Gardens That Heal: A Prescription for Wellness

Wednesday, May 14, 2014
9 a.m. – 5:30 p.m.

Seminar Speakers

Andrew Dannenberg

Impacts of the built environment on health

Andrew Dannenberg
M.D., M.P.H., is an affiliate professor at the University of Washington in Seattle with faculty appointments in the Department of Environmental and Occupational Health Sciences in the UW School of Public Health and in the Department of Urban Design and Planning in the UW College of Built Environments. He formerly served as team lead of the Healthy Community Design Initiative in the National Center for Environmental Health at the federal Centers for Disease Control and Prevention (CDC) in Atlanta. He is co-author with Howard Frumkin and Richard Jackson of Making Healthy Places: Designing and Building for Health, Well-being, and Sustainability, published by Island Press in 2011. He previously served as director of the public health training division at CDC, as faculty in the Injury Prevention Center at Johns Hopkins University School of Public Health, and as a cardiovascular epidemiologist at the National Institutes of Health.

Clare Cooper Marcus

History of outdoor space in hospitals. Recent evaluative research on healing gardens. Precedents drawn upon by designers of healing gardens, including medical diagnoses.

Clare Cooper Marcus
Professor emerita, Departments of Architecture and Landscape Architecture at the University of California, and principal of Healing Landscapes, Berkley, California. She is internationally recognized for pioneering research on the psychological and sociological aspects of architecture and landscape design, particularly urban open space.

Peter Kahn

Technological nature: emphasizing a Nature Language and the built environment

Peter Kahn
Professor in the Department of Psychology and director of the Human Interaction With Nature and Technological Systems (HINTS) Lab. The HINTS Lab seeks to address from a psychological stance two world trends that are powerfully reshaping human existence: the degradation if not destruction of large parts of the natural world, and unprecedented technological development, both in terms of its computational sophistication and pervasiveness. He received his Ph.D. from the University of California, Berkeley, in 1988. His publications have appeared in such journals as Child Development, Developmental Psychology, Human-Computer Interaction, and Journal of Systems Software, as well as in such proceedings as CHI, HRI, and Ubicomp.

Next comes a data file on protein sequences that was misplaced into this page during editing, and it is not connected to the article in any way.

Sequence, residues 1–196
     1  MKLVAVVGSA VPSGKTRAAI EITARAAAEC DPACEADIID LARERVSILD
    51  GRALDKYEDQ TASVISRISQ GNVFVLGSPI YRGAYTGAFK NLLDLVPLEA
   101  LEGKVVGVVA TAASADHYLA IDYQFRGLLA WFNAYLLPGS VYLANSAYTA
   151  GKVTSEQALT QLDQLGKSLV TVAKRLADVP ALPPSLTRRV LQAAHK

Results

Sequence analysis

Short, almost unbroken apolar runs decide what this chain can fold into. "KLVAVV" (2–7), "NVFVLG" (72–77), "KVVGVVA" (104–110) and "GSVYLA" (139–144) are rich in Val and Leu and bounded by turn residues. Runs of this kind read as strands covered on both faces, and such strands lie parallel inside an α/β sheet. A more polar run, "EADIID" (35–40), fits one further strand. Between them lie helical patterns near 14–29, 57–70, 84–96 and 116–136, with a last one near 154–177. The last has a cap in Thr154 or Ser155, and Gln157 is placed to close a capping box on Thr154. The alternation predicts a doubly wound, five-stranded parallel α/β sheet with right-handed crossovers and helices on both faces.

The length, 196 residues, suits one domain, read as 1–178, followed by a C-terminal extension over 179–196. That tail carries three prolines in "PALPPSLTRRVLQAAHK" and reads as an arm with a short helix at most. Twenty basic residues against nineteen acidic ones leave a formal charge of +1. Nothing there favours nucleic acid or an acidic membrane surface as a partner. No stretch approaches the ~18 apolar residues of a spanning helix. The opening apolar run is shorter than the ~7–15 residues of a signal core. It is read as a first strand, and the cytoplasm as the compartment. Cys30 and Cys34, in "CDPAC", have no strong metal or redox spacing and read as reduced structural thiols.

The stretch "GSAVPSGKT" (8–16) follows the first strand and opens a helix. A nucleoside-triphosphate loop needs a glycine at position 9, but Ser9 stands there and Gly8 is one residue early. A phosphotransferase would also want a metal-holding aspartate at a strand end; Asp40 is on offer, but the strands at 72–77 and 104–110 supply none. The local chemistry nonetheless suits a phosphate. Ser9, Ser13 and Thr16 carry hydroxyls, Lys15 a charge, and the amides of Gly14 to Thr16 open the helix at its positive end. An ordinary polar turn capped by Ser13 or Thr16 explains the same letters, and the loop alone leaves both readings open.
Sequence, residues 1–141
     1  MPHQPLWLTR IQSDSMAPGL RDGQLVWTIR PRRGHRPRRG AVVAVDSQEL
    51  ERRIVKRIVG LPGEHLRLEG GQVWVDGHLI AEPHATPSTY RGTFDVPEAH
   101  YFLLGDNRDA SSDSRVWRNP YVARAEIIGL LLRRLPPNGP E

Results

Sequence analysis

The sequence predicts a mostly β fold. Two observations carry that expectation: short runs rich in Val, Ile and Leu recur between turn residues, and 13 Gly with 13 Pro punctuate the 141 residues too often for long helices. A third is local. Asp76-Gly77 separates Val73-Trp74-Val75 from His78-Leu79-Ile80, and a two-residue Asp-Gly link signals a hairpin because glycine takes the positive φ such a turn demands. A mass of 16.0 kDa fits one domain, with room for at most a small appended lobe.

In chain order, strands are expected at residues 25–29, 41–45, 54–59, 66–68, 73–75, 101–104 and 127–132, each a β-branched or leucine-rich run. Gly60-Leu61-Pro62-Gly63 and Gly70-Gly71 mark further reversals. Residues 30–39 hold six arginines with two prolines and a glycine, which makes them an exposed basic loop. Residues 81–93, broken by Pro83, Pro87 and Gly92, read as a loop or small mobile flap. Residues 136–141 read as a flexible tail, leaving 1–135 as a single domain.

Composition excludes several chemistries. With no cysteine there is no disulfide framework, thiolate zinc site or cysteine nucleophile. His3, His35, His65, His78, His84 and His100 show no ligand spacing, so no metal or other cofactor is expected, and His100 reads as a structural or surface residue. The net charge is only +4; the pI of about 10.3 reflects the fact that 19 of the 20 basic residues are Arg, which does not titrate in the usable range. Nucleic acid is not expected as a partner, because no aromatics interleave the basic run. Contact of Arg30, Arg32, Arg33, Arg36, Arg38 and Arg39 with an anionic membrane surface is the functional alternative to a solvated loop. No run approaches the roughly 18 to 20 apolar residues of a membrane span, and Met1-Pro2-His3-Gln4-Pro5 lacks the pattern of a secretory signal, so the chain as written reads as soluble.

William Sullivan

Attention Restoration

William Sullivan
Ph.D., professor, Department of Landscape Architecture, University of Illinois at Urbana-Champaign, president of the Council of Environmental Deans and Directors. Dr. Sullivan focuses on issues related to environmental sustainability and the role of public institutions in creating a sustainable world.

Jack Carman

The Benefits of Restorative Gardens and Healing

Jack Carman
FASLA, RLA, president of Design for Generations, Medford, New Jersey. Carman specializes in the design of therapeutic exterior environments for senior communities and healthcare facilities. He is editor and contributor of the book, Re-creating Neighborhoods for Successful Aging.

Mark Epstein

Mark Epstein
ASLA, principal, Hafs Epstein Landscape Architecture, Seattle, Washington. He is a national leader for the creation of therapeutic/healing gardens, and has extensive experience restoring natural environments in the Puget Sound region. Epstein has served as co-chair of the Therapeutic Garden Design Professional Practice Network for the American Society of Landscape Architects.

Program concludes with a Panel Q & A session.
This seminar program is registered for six hours of professional development credit.